Some businesses have even gone to social media to market their products, where it is enabled by the advancement of video technology and better connectivity. For better, organized billing and payment, these businesses can also leverage on payment gateways which use either QR codes or a specific link.
Take the fresh seafood and fishery industry in Malaysia as an example. It is used to be a ‘see-it and feel-it’ experience before one buys. Today, consumers prefer to buy seafood online and have them delivered directly to their doorstep. Unlike the usual online seafood retail, business owners are taking a new leap to reach a wider audience group through live video via various platforms like Facebook Live, Instagram Live, and many more. That includes selling seafood through live auctions. And their sales have seen a marked increase.
Better customer experience – cultivating lasting relationships
The Internet has grown so big that people are spending more time sifting through tons of information to find things relevant to their interests. In an age of information overload, SMEs need to stand out to differentiate themselves from the competition. And one way to do so is to give the best customers’ experience by taking that offline experience online.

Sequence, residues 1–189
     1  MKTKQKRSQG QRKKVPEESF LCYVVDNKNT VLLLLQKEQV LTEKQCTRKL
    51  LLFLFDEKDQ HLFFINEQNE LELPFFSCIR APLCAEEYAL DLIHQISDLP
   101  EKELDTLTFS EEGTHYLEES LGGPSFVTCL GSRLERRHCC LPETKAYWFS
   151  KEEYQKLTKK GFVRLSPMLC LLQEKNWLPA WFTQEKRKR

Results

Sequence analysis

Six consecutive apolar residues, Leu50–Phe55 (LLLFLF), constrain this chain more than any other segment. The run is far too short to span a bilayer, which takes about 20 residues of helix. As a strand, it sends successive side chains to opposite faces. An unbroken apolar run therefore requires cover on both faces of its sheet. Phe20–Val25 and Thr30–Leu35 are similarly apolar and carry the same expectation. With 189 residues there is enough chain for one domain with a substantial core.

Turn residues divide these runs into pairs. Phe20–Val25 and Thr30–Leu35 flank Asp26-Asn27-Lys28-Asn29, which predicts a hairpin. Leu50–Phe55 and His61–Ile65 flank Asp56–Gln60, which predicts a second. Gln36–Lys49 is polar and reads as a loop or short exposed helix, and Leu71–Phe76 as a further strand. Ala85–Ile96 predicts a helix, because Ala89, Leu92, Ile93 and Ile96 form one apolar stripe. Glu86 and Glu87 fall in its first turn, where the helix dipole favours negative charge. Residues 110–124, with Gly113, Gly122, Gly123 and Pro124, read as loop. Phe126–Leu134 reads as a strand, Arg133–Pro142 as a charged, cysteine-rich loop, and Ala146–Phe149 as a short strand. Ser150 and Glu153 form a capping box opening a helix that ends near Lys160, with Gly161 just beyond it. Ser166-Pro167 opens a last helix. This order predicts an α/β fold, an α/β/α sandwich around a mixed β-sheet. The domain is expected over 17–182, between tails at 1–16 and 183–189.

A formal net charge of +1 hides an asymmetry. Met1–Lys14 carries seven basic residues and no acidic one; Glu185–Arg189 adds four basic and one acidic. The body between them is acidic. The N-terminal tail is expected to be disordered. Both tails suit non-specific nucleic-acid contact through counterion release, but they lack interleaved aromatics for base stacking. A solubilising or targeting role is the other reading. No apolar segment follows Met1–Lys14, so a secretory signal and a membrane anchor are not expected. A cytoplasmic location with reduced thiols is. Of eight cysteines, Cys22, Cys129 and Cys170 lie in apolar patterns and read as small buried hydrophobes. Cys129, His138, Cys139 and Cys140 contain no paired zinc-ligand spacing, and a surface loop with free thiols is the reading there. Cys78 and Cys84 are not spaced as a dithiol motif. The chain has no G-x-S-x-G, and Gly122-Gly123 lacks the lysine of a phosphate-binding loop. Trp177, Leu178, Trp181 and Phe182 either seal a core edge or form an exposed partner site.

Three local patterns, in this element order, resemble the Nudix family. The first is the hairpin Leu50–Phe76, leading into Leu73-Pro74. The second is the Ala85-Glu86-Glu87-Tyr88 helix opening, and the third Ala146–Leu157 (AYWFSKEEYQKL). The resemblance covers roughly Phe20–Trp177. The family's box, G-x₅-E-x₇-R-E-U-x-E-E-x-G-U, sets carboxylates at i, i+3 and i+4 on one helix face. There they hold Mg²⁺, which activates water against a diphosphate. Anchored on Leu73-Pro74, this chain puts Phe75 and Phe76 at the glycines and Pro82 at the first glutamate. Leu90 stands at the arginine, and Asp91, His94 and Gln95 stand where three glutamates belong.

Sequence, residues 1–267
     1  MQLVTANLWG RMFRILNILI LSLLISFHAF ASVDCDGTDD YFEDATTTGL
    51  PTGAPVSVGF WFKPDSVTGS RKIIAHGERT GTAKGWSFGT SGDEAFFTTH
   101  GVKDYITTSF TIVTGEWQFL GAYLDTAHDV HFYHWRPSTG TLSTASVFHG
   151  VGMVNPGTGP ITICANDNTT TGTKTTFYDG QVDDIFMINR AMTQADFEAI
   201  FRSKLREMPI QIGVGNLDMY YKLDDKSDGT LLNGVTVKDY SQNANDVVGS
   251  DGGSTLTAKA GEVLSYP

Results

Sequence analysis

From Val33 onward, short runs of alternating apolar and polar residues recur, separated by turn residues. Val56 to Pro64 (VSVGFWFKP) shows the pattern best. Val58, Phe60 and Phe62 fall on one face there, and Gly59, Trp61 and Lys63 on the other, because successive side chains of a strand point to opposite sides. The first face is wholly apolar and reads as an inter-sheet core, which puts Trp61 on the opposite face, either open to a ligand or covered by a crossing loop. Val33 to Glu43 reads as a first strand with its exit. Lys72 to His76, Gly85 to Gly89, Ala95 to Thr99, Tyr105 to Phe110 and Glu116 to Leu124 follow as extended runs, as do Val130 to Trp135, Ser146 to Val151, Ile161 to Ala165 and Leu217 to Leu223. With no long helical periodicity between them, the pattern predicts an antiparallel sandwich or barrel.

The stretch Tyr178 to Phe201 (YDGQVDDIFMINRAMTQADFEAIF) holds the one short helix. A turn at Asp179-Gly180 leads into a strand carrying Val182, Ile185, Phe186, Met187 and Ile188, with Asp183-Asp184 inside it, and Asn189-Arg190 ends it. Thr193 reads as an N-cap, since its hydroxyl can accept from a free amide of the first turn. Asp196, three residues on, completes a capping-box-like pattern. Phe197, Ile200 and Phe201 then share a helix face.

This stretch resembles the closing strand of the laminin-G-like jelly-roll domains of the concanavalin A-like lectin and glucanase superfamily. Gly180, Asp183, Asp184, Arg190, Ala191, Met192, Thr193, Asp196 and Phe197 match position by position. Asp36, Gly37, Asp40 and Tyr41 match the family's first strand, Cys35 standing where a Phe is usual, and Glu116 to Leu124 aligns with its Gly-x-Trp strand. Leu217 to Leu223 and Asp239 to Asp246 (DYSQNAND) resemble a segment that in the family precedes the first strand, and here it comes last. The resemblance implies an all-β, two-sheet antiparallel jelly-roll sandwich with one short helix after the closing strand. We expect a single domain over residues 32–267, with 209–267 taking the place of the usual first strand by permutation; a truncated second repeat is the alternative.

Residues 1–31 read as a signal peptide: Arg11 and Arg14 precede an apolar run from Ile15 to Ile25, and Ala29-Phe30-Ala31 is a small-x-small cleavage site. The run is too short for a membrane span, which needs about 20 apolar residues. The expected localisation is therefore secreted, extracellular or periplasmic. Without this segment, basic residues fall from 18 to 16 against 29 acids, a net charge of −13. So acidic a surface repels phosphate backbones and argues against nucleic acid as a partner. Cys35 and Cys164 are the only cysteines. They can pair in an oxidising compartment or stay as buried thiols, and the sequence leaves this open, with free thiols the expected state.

Over the last two weeks, I spoke to some of KipleBiz’s clients who are mainly SMEs on the impact of this pandemic outbreak on their business. Many have acknowledged the challenges of doing business in times like this. Yet, I was amazed by the persistence of these business owners who have opted to go all out and innovate, including getting their business online quickly and incorporating payment gateway solutions to reach their customers better.
This is coupled with providing quick customer service by responding to each and every inquiry, processing orders more speedily, issuing e-invoices within a day, and the best thing of all, payment transactions can happen immediately with a wide range of payment options. In addition, business owners can better plan their inventory and products as they have better insights into their customers’ behaviour and preferences based on the data that is generated automatically.
That’s not all. Another key reason that SMEs should ride on the digital wave is that your competitors are now also online. While some may still be sceptical about having their business online due to several factors, let us take a look at these numbers:
- Annual sales in Malaysia’s e-commerce market jumped 47.8 percent in 2017.
- The Malaysian e-commerce market for 2019 generated a revenue of US$3.68 billion (RM15.2 billion)
- E-commerce in Malaysia is expected to grow at a compound annual growth rate of 24 percent through to 2021.
- Internet penetration in Malaysia is at 80.1 percent, higher than many other South East Asian countries.
Adding to the government’s initiatives to accelerate the cashless and digital agenda with several frameworks introduced such as National E-Commerce Strategic Roadmap, the growth rate of e-commerce is expected to see exponential growth.
So, to all SMEs, if it is not now to have your business online, then when?
Kay Tan is Chief Executive Officer of KiplePay Sdn Bhd, a wholly-owned subsidiary of Green Packet Berhad.
Image credit: Career Employer